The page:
U.S. actions in the coming days and weeks will decide if Washington and North Korea meet in a “nuclear-to-nuclear showdown” or at an upcoming summit, vice-minister of DPRK Foreign Affairs Choe Son Hui said on Thursday.
The statement was issued in response to an interview by U.S. Vice President Mike Pence with Fox News on Monday, the senior North Korean official explained.
That interview saw the Vice President warn that North Korea may face regime change “if Kim Jong Un doesn’t make a deal,” and reiterate the necessity of the DPRK’s complete and verifiable and irreversible denuclearization (CVID).
“We will neither beg the U.S. for dialogue nor take the trouble to persuade them if they do not want to sit together with us,” Choe said in an English-language statement issued by KCNA on Thursday.
“Whether the U.S. will meet us at a meeting room or encounter us at nuclear-to-nuclear showdown is entirely dependent upon the decision and behavior of the United States,” she continued.
Choe said she will make a proposal to North Korean leader Kim Jong Un to reconsider its participation in the summit with the U.S., scheduled to be held on June 12 in Singapore, should U.S. threats continued.
“In case the U.S. offends against our goodwill and clings to unlawful and outrageous acts, I will put forward a suggestion to our supreme leadership for reconsidering the DPRK-U.S. summit,” she said, describing Pence’s comments as “unbridled and impudent remarks.”
Before being promoted to vice foreign minister, Choe served as director general of the North American Department of the DPRK Foreign Ministry and engaged in several back-channel talks with U.S. officials.
“I cannot suppress my surprise at such ignorant and stupid remarks gushing out from the mouth of the U.S. vice-president,” Choe said.
“If he is vice-president of ‘single superpower’ as is in name, it will be proper for him to know even a little bit about the current state of global affairs and to sense to a certain degree the trends in dialogue and the climate of detente.”
Choe on Thursday denounced Pence for comparing the North to Libya, saying the Vice President “again spat out nonsense” by suggesting the North may face the same fate as Libya – a comparison also made by National Security Adviser John Bolton in recent weeks.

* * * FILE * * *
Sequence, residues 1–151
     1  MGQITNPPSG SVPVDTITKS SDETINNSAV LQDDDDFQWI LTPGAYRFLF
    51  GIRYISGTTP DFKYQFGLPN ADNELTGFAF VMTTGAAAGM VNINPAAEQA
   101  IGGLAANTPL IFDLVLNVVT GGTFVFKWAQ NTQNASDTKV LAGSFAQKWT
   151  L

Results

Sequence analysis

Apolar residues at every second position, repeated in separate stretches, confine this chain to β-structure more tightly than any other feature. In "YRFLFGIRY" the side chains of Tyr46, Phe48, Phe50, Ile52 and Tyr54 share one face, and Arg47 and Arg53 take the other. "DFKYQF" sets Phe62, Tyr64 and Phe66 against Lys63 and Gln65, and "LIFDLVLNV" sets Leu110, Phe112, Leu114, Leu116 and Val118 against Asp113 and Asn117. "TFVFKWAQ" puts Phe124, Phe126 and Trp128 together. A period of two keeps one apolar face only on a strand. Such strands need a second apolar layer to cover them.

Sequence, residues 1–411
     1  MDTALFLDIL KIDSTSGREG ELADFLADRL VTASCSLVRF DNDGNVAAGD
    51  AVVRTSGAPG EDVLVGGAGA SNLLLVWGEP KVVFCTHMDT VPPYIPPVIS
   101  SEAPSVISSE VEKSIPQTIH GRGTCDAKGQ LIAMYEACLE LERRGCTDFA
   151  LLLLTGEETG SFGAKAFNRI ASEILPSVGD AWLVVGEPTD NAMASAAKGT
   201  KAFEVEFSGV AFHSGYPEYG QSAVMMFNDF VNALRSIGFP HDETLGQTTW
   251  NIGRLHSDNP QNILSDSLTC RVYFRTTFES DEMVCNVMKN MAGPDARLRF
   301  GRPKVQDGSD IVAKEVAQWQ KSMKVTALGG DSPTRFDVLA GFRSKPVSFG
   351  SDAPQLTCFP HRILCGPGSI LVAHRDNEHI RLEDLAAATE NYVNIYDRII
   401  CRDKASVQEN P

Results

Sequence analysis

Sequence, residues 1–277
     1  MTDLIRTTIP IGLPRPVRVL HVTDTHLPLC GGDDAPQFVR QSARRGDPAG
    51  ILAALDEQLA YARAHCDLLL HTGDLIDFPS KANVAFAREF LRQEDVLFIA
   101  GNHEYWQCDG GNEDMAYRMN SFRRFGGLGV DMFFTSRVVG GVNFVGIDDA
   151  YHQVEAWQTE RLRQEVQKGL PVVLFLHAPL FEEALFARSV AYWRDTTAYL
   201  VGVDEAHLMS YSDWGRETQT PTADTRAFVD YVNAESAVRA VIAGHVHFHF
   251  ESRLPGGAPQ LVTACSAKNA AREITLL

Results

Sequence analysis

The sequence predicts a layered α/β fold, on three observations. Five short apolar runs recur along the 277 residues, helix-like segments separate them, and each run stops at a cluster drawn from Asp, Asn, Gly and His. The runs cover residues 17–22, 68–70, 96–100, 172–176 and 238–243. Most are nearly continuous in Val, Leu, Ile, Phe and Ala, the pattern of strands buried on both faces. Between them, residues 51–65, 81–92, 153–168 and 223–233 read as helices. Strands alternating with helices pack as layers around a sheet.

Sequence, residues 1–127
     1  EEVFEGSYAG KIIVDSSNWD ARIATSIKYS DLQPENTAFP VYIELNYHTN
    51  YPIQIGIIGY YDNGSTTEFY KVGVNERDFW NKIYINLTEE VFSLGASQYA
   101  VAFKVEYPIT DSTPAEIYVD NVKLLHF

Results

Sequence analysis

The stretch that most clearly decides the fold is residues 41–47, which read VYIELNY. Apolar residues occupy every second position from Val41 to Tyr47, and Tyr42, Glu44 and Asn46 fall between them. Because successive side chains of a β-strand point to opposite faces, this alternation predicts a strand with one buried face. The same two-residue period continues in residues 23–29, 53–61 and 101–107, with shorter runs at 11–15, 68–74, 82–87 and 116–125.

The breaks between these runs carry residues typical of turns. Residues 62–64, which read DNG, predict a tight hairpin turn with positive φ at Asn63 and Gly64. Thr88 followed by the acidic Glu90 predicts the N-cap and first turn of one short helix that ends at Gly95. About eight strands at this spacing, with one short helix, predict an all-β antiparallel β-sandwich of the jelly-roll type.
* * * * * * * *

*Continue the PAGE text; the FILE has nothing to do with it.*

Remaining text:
“To borrow their words, we can also make the U.S. taste an appalling tragedy it has neither experienced nor even imagined up to now,” Choe said.
The DPRK senior diplomat also cast doubt on U.S. intentions to hold a summit with Kim Jong Un, claiming that it was the Trump administration that had asked for dialogue with the North Korean leader.
“But now it is misleading the public opinion as if we have invited them to sit with us,” Choe said. “I only wonder what is the ulterior motive behind its move and what is it the U.S. has calculated to gain from that.”
This is not the first time that a senior North Korean diplomat has suggested the country may “reconsider” its participation in the planned summit with the U.S.
DPRK’s first vice-minister of Foreign Affairs Kim Kye Gwan last week denounced John Bolton for raising, among other things, the potential for a “Libyan model” for denuclearization.
Neither Kim Kye Kwan nor Choe Son Hui made direct mention of the U.S. President, however, who on Tuesday suggested that DPRK-U.S. summit might not go ahead as planned.
Asked on Wednesday whether the meeting would go ahead, Trump told reporters: “It could very well happen. Whatever it is, we’ll know next week about Singapore. And if we go, I think it will be a great thing for North Korea.”
But he added: “We’ll see.”
NK Pro analyst Fyodor Tertitskiy said Thursday’s comments were part of the “opinion piece strategy” used by Pyongyang when it wants to deliver a message without it strictly being seen as state policy.
“The fact that the text was signed by Ms. Choe does not mean it was actually written by her. It is not like a vice-minister can just publish an opinion piece in the DPRK without proper authorization,” he said.
“This shows that this is serious, but since it is not articulated by the Minister of Foreign Affairs or by Kim Jong Un, it is still not the final stance of Pyongyang.”
Edited by Oliver Hotham
Featured image: Artyom Korotayev/TASS/Alamy Live News
Join the influential community of members who rely on NK News original news and in-depth reporting.
Subscribe to read the remaining 793 words of this article.